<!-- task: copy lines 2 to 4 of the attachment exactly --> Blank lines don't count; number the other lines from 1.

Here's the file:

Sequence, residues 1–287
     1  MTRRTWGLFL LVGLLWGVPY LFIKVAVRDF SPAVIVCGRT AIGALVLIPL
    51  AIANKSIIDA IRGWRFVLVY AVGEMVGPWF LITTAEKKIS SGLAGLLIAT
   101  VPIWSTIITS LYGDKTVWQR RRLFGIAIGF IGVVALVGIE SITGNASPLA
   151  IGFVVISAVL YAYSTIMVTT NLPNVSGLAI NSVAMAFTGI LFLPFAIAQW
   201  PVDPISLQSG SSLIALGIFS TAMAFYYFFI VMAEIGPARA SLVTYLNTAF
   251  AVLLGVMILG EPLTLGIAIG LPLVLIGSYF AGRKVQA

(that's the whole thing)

     1  MTRRTWGLFL LVGLLWGVPY LFIKVAVRDF SPAVIVCGRT AIGALVLIPL
    51  AIANKSIIDA IRGWRFVLVY AVGEMVGPWF LITTAEKKIS SGLAGLLIAT
   101  VPIWSTIITS LYGDKTVWQR RRLFGIAIGF IGVVALVGIE SITGNASPLA